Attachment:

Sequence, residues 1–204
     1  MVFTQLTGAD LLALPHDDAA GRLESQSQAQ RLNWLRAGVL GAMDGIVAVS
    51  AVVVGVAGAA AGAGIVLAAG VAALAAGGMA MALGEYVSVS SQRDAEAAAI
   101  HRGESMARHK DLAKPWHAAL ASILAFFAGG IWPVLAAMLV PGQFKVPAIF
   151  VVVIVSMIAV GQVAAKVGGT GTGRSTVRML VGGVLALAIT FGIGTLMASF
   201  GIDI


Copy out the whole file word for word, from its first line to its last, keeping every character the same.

Sequence, residues 1–204
     1  MVFTQLTGAD LLALPHDDAA GRLESQSQAQ RLNWLRAGVL GAMDGIVAVS
    51  AVVVGVAGAA AGAGIVLAAG VAALAAGGMA MALGEYVSVS SQRDAEAAAI
   101  HRGESMARHK DLAKPWHAAL ASILAFFAGG IWPVLAAMLV PGQFKVPAIF
   151  VVVIVSMIAV GQVAAKVGGT GTGRSTVRML VGGVLALAIT FGIGTLMASF
   201  GIDI